John Milton writes Paradise Lost with relatively accurate coherence to the Bible, drawing attention to the existence of a thematic canon within human nature, rather than the importance of biblical truth. “Of man’s first disobedience, and the fruit. Of that forbidden tree, whose mortal taste brought death into the world, and all our woe, with loss of Eden, till one greater Man restore us, and regain the blissful seat.” (Milton 1-823). Milton explores the downfall of mankind through the perspective of our own innocence to pride and arrogance. It is quite the curious detail, that before Eve bit into the forbidden fruit, before Satan was cast from Heaven for his pride, it was God who created mankind in his own image. In this way is not God himself prideful? To create an existence that mirrors your own for the simple purpose of worshipping and having faith is in definition an incredibly prideful act. As pride is contagious, this leads the thinking mind to ponder the origin of Satan’s pride, and furthermore, God’s reason for casting him out. Through God’s perfection, he is able to realize the folly of his pride and the danger if it were to become an epidemic, and so to protect all of heaven from obtaining this knowledge, he casts Satan out. “But he who reigns monarch in Heav’n, till then as one secure sat on his throne, upheld by old repute, consent or custom, and his regal state put forth at full, but still his strength concealed, which tempted our attempt, and wrought our fall.” (Milton 1-838). Satan is unable to recognize the mistake in his own pride as it has consumed him, so he rampantly spreads chaos to those around him as he mistakes his own pride for the fault of God. He eventually reaches the Garden of Eden and persuades Eve take part in the fruit of the knowledge of good and evil. Mankind becomes self-aware of God’s pride and their own (as they are made in the image of God) and is cast out by God to preserve the integrity of the ethereal compass. In order to maintain a tranquil balance in the universe, God must cast aside those who threaten to escalate chaos, however, in realization that his own folly of pride has caused this seed to take root, God sacrifices his son, a piece of himself, to give us an anchor of faith to build order within the chaos. Through this interpretation of evidence, Milton investigates how the seed of pride has taken root, if not grown, from the societal conventions of religion.
Rather than focusing on the chaotic implications of pride like Shakespeare and Milton, Jonathan Swift provides yet another interesting perspective on how the convention of pride affects society through the relationship of the Yahoos and Houyhnhnms in his adventurous novel Gulliver’s Travels. “While he and I were thus employed, another horse came up; who applying himself to the first in a very formal manner, they gently struck each other’s right hoof before, neighing several times by turns, and varying the sound, which seemed to be almost articulate.” (Swift 4-1216). Swift draws close attention to the detail of formality that the Houyhnhnms display compared to that of the Yahoos. The Houyhnhnms’ pride in their superiority to the Yahoos creates a societal frame of moral intellect which governs the way they act and uphold themselves. The Houyhnhnms’ pride does not reach past their basic self-classification, as their humility towards one another and outsiders proves superfluous. Swift recognizes in his writing that pride forms the lens in which society is built, but to use it for further self-magnification only obscures the ability to discern the intellectual from the chaotic. The Houyhnhnm culture is built upon their pride of intelligence over the Yahoos, but the horses maintain a level of grace, respect, and humility for the world and each other that keeps their pride from becoming anything more than the foundation in which their society is built.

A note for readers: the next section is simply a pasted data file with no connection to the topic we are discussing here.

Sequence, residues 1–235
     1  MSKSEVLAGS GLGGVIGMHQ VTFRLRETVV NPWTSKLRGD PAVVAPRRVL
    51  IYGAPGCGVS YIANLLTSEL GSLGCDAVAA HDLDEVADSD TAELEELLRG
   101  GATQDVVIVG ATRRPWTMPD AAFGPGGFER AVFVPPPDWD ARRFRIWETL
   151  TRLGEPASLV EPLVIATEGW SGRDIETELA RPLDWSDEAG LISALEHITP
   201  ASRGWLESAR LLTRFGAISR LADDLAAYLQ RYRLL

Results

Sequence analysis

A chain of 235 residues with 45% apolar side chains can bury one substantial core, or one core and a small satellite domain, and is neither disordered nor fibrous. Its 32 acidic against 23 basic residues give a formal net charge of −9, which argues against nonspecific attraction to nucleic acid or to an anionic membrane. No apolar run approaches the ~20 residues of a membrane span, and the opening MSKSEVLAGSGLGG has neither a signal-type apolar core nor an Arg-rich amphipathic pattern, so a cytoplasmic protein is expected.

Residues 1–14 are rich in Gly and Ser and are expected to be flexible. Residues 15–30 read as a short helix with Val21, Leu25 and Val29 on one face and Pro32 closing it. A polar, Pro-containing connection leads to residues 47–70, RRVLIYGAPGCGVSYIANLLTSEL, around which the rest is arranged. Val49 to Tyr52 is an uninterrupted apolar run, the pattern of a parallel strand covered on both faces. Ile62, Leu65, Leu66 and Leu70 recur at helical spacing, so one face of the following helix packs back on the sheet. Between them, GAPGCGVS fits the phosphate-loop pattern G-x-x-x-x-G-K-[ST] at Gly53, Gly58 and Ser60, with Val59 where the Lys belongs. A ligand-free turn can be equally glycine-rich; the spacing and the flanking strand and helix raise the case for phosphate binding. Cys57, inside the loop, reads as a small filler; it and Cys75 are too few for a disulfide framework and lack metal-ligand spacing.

William Shakespeare’s tragedy Othello, John Milton’s masterful epic Paradise Lost, and Jonathan Swift’s moralistic adventure Gulliver’s Travels, each portray pride as a fragile and deadly, but crucial truth that has guided the conventions of mankind throughout history. Shakespeare draws attention to the delicacy of Othello’s character, whose righteousness was built upon a foundation of pride. Milton highlights the infectious nature of pride on the ethereal compass and man’s corruption through knowledge, that even God, despite recognizing the epidemic, may fall victim to the ensnaring thicket of pride. Jonathan Swift reminds us that despite the dangers of excessive pride, the indulgence is necessary for intellectual society to exist. Through the works of each of these authors, pride is established as the foundation on which society is build, the infection that weakens the structure of intellectual society, and the fire that brings about chaos and destruction. Pride exists as both the justification of the righteous, and the bane of the intellectual.
Milton, John. “Paradise Lost.” The Norton Anthology of English Literature: The 17th Century: Topic 2: Overview, www.wwnorton.com/college/english/nael/17century/topic_2/welcome.htm.
Shakespeare, William. “Othello.” Features | The Norton Anthology of English Literature, The Major Authors | W. W. Norton & Company, books.wwnorton.com/books/detailfeatures.aspx?ID=4294969374.
Swift, Jonathan, et al. Gullivers Travels. W.W. Norton, 1970.